Urban populations of Aedes aegypti from central Argentina: dispersal patterns assesed by Bayesian and multivariate methods

2019-11-08T19:53:00Z (GMT) by Ana Ayala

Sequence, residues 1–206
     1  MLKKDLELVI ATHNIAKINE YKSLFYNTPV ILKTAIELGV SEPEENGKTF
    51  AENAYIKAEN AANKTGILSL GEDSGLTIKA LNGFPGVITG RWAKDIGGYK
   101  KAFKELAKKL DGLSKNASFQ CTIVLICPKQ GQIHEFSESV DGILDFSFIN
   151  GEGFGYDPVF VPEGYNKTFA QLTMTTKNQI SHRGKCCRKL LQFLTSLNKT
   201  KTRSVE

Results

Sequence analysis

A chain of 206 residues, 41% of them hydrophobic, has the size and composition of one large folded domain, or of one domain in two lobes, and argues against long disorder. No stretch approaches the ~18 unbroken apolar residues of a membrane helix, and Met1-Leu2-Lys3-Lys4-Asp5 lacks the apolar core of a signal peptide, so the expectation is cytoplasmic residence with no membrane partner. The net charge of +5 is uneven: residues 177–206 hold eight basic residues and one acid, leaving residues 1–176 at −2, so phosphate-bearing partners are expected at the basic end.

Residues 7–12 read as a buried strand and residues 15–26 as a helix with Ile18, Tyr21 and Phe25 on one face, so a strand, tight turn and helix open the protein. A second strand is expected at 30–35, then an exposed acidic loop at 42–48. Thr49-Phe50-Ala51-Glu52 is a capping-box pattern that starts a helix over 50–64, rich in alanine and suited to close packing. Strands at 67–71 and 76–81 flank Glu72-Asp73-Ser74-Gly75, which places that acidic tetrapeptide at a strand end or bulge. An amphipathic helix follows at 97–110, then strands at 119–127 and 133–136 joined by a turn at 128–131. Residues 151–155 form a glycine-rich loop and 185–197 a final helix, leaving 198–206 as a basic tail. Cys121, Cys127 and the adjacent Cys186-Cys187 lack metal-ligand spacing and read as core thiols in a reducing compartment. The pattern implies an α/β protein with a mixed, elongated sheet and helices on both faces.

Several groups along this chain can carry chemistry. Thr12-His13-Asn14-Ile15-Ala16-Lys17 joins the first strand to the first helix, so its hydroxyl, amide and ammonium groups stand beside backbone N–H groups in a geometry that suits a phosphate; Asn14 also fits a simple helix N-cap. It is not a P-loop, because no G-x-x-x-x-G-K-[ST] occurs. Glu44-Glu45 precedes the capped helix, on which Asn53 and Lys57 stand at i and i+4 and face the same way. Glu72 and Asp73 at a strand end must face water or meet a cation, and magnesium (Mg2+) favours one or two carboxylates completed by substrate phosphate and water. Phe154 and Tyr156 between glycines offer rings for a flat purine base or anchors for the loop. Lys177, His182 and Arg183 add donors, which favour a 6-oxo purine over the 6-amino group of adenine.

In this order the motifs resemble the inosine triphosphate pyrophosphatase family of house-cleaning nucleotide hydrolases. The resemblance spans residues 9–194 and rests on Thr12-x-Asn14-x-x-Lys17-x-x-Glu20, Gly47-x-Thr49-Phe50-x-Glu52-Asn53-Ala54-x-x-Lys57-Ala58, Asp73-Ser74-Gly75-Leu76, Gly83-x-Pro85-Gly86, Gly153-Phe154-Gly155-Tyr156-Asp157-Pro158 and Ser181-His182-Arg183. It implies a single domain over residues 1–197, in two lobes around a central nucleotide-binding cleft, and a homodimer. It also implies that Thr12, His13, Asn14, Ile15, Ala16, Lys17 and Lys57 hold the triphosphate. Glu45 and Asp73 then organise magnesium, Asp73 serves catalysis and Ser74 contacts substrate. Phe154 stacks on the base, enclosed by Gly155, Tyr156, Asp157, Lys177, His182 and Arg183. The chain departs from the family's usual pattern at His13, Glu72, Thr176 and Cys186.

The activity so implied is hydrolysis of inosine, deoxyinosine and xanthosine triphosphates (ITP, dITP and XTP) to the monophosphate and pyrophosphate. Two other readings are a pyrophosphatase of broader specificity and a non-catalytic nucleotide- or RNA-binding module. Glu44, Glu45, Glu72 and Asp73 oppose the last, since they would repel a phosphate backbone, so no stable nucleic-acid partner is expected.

Aedes aegypti, the main vector of dengue and other arboviruses, was declared eradicated from Argentina in 1964; however, in 1987 it was detected again and nowadays it occurs in most of the country territory. To understand the transmission of vector-borne diseases, knowledge of the dispersal of vector populations is essential to evaluate the risk of pathogen transmission. We conducted a micro-geographic population genetic analysis of Ae. aegypti in 20 neighborhoods from Córdoba, the second largest city in Argentina, using 10 microsatellite loci. High genetic differentiation and the absence of an isolation by distance pattern was found using Weir and Cockerham’s θ. Bayesian and multivariate clustering analyses showed that all studied sites included individuals with high membership coefficients (Q) in their populations and others admixed or with membership in another cluster. Individuals with high Q in clusters different from the population in which they were collected strongly suggests that passive transport is important to shape Ae. aegypti dispersal pattern in Córdoba city. Knowing the genetic structure of Ae. aegypti populations and their dispersal patterns would contribute to the implementation of vector control program.